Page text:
University of Surrey

Test tubes in the lab Research in the ATI Dance Research

Factors related to disturbed eating patterns amongst normal adolescents.

Motazed, Haleh. (1992) Factors related to disturbed eating patterns amongst normal adolescents. Doctoral thesis, University of Surrey (United Kingdom)..

Full text is not currently available. Please contact sriopenaccess@surrey.ac.uk, should you require it.

Abstract

Health in adult life has been associated with health during early and late adolescence. Investigations here also show that a number of factors such as family environment, sociocultural norms, stress and self perception can affect one's health at any age. As the prevalence of eating disorders has increased among women and especially among female adolescents, this study set out to look at the role of factors which are influential in the onset and maintenance of eating problems among normal weight adolescents who have high scores on the Eating Disorder Inventory (EDI). These adolescents reported symptoms of atypical and abnormal eating habits, even though they did not have a history of chronic eating disorders or weight problems. A six months longitudinal study was conducted with pupils of four age groups (third to sixth formers) divided into two groups of high EDI scorers and low EDI scorers. They were assessed on three occasions at three month intervals. A battery of eight instruments was employed, assessing the role of family members and environment, relationship with significant others such as peers and friends; and sociocultural norms on the type and intensity of stress experienced by the adolescents. How stress affects their self perception and self-esteem, as well as their perception and appraisal of stressors was also assessed in relation to their eventual effects on the adolescents' eating patterns. Overall the results showed that the adolescents who showed high EDI scores, initially, were considerably different from those with low EDI scores in their self-esteem level, level of stress they experienced, the coping strategies they employed, their family environment, their perception of themselves and their ideal self, as well as of significant others. Based on the findings and previous literature, a model is proposed, arguing that conflicts and discords arose in the family environment or in the adolescents' relationships with others; or caused by sociocultural factors can lead to stress which in turn can affect the adolescents' self-esteem and self perception. The way the adolescents perceive themselves can influence their perception and appraisal of potential stressors and hence their choice of strategies to cope with them, one of which is manipulating eating habits, such as overeating. The results of the findings, implications, methodological and limitations and suggestions for future research are also discussed.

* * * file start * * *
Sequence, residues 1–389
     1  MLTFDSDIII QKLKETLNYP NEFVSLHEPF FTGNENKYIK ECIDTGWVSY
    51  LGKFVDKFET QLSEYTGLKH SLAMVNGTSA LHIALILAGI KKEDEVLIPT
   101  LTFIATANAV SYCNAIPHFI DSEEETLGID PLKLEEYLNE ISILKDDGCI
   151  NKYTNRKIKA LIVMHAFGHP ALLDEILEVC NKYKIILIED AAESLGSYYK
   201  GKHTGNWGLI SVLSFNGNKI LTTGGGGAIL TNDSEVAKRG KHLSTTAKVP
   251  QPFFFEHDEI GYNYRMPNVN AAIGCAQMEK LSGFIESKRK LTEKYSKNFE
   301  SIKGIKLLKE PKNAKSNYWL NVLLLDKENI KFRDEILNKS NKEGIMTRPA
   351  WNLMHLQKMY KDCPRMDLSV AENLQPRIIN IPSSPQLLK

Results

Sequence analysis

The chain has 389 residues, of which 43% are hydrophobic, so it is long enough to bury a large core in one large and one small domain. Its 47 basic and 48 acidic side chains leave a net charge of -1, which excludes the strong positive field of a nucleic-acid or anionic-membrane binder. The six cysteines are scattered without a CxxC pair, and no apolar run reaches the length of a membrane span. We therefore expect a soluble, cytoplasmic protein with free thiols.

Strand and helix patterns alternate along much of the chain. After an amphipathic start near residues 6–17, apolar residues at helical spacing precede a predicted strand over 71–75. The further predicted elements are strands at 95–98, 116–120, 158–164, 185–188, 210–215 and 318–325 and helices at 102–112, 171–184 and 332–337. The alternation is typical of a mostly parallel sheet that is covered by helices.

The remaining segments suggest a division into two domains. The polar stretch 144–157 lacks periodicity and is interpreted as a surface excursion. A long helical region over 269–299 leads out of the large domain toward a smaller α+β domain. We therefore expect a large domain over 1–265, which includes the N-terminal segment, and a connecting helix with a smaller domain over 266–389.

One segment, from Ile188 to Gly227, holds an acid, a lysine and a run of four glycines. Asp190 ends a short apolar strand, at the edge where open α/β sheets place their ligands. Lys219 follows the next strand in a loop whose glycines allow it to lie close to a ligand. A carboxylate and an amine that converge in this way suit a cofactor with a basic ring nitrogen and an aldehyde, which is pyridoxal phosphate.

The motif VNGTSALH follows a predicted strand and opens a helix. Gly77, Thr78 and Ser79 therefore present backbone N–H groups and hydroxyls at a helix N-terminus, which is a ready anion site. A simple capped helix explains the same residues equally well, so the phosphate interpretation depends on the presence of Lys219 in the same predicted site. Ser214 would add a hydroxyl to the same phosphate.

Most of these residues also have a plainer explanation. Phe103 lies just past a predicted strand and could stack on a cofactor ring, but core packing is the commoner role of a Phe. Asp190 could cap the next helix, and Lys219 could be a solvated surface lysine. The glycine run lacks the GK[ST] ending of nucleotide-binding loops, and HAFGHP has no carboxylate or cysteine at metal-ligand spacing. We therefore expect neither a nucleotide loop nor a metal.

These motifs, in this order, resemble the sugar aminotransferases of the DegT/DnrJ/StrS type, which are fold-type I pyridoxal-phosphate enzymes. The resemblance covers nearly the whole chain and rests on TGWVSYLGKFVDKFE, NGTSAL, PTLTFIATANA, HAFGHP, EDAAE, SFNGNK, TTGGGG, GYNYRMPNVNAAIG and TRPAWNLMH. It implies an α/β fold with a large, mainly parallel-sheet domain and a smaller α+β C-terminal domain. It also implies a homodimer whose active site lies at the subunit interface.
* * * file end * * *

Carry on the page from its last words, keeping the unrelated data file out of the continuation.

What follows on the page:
Item Type: Thesis (Doctoral)
Divisions : Theses
Authors :
NameEmailORCID
Motazed, Haleh.UNSPECIFIEDUNSPECIFIED
Date : 1992
Contributors :
ContributionNameEmailORCID
http://www.loc.gov/loc.terms/relators/THSUNSPECIFIEDUNSPECIFIEDUNSPECIFIED
Depositing User : EPrints Services
Date Deposited : 09 Nov 2017 12:16
Last Modified : 09 Nov 2017 14:44
URI: http://epubs.surrey.ac.uk/id/eprint/843898

Actions (login required)

View Item View Item

Downloads

Downloads per month over past year


Information about this web site

© The University of Surrey, Guildford, Surrey, GU2 7XH, United Kingdom.
+44 (0)1483 300800